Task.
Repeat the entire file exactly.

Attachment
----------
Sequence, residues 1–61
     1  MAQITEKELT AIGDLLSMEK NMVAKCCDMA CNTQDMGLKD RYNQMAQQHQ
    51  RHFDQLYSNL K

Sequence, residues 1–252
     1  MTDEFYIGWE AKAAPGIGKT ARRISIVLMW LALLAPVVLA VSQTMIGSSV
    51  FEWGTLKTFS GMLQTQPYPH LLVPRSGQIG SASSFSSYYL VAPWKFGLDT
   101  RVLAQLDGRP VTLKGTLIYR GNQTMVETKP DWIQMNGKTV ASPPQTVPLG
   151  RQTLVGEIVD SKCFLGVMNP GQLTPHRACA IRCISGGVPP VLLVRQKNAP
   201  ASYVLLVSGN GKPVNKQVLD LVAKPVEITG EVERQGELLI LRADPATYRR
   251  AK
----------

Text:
Sequence, residues 1–61
     1  MAQITEKELT AIGDLLSMEK NMVAKCCDMA CNTQDMGLKD RYNQMAQQHQ
    51  RHFDQLYSNL K

Sequence, residues 1–252
     1  MTDEFYIGWE AKAAPGIGKT ARRISIVLMW LALLAPVVLA VSQTMIGSSV
    51  FEWGTLKTFS GMLQTQPYPH LLVPRSGQIG SASSFSSYYL VAPWKFGLDT
   101  RVLAQLDGRP VTLKGTLIYR GNQTMVETKP DWIQMNGKTV ASPPQTVPLG
   151  RQTLVGEIVD SKCFLGVMNP GQLTPHRACA IRCISGGVPP VLLVRQKNAP
   201  ASYVLLVSGN GKPVNKQVLD LVAKPVEITG EVERQGELLI LRADPATYRR
   251  AK